Lawn Care & Planting Fruit in Summer - Knowledgebase Question

Jacksonville, FL
Avatar for Irving9
Question by Irving9
May 16, 1998
I'll soon be moving into my new home with a newly established lawn. What can I do to insure that the grass doesn't die? Also, I'd like to plant a fig and a few citrus trees and want to help them survive the temperature in the high 90's.

Answer from NGA
May 16, 1998
Your lawn will do best with deep, infrequent watering. This promotes a deep-rooted, drought-resilient turf. One inch of water applied once a week is a good guide. In sandy soil during the heat of summer you may have to go to 1/2, inch twice a week.

Avoid overfertilizing as this results in shallow rooted, tender turf. You should get by with one fertilization in early to mid April (April 15th is easy to remember!) and another in early to mid October. Choose a fertilizer with a 3-1-2 ratio of nutrients (such as 15-5-10, 6-2-4 or 21-7-14) and only apply 1 pound of nitrogen per 1,000 square feet (this would be equal to 7 pounds of 15-5-10 or 5 pounds of 21-7-14). Return you clippings to the soil with a mulching mower and your turf will really respond well.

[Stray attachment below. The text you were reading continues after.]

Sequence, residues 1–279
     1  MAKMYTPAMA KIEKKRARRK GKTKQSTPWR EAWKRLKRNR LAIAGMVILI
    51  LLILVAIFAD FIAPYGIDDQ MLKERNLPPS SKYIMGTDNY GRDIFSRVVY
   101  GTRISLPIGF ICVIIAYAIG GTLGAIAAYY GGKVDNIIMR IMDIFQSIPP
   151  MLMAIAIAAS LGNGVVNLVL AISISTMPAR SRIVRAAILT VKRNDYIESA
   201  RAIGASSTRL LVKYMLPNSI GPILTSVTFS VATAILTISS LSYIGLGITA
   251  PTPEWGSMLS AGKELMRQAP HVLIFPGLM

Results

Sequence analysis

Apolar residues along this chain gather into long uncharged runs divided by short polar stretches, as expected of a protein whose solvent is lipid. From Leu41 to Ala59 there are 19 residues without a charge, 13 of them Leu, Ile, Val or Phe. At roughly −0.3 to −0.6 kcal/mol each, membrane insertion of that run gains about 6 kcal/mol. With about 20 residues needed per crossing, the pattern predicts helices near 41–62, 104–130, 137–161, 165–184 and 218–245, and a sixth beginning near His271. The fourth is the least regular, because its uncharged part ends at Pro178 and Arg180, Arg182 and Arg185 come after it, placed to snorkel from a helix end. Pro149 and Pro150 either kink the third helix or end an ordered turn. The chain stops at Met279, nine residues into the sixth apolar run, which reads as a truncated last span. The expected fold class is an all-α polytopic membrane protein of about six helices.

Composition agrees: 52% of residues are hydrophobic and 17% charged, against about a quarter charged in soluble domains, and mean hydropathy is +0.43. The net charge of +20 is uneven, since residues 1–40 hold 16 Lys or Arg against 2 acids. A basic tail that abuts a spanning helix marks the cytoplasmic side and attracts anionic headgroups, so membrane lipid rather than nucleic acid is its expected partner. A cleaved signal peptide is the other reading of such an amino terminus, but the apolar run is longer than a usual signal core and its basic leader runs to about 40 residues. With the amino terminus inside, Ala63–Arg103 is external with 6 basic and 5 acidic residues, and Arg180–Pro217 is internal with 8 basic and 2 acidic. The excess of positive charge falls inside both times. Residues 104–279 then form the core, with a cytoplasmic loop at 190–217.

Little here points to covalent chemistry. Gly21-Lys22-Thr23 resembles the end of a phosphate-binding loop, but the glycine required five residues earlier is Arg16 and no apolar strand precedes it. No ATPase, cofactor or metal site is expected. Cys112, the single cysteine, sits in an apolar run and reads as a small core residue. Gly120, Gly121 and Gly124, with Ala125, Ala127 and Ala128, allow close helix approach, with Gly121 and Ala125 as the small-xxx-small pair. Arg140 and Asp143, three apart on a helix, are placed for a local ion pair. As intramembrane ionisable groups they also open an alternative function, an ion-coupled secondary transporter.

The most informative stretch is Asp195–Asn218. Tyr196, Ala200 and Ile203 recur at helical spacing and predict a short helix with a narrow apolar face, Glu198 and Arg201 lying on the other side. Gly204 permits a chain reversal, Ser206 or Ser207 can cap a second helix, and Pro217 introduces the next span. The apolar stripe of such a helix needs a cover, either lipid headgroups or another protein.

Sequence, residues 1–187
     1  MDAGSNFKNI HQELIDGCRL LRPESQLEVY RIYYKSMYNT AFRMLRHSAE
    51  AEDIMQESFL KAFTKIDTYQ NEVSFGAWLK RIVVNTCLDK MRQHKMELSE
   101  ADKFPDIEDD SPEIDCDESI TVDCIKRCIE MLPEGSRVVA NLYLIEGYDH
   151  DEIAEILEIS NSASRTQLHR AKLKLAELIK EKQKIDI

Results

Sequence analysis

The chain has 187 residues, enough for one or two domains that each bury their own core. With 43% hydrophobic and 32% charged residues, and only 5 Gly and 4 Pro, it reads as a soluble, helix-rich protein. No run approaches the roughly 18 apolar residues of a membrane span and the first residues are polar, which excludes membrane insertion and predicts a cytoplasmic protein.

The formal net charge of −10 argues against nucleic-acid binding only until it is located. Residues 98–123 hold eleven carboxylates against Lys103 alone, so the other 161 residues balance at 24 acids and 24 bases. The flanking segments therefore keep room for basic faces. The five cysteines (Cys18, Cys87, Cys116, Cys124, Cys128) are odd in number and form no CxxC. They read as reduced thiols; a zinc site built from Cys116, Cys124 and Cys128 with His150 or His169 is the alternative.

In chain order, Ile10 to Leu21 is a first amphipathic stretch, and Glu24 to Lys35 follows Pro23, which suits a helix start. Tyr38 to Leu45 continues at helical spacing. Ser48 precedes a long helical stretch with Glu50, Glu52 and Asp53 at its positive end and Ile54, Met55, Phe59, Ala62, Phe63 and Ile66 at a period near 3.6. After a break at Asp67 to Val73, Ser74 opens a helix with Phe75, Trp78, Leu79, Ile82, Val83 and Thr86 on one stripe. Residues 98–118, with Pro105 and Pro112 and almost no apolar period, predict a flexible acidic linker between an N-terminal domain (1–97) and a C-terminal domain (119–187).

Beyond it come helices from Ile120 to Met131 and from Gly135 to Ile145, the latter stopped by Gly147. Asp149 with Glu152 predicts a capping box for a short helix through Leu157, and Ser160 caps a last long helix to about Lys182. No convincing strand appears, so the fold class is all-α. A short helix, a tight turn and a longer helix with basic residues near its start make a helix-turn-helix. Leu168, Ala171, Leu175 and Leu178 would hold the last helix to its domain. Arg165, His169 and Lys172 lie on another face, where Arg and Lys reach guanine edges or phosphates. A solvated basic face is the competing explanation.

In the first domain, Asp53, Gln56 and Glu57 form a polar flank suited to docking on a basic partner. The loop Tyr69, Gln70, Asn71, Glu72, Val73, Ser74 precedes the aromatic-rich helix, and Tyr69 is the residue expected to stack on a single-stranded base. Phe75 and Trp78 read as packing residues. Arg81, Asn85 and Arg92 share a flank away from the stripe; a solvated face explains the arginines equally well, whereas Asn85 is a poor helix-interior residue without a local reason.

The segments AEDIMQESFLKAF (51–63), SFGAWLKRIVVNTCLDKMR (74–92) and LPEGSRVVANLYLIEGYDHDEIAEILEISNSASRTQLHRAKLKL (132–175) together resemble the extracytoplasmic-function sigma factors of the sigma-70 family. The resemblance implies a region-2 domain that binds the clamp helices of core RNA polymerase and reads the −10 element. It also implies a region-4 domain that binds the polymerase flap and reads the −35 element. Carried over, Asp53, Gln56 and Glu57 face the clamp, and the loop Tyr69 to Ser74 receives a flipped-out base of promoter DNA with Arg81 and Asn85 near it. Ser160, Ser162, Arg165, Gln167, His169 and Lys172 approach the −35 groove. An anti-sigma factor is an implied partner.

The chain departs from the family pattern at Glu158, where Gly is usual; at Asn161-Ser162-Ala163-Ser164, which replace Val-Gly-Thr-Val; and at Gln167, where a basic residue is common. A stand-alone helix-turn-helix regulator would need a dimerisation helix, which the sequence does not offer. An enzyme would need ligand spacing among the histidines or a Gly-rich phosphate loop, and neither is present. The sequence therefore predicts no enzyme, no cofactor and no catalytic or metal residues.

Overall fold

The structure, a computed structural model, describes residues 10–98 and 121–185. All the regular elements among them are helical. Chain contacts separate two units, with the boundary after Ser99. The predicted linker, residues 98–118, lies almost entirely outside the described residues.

Container grown fruit trees can be planted in summer. You'll really have to keep them well watered through the season, but avoid overwatering. Soggy roots mean big trouble for fruit trees. Keep grass and weeds at least 2 feet from the trunk (5 feet would be better) with mulch. Four sheets of newspaper, wet with a hose and covered with a few inches of leaves or pine needles makes a great, season-long mulch!

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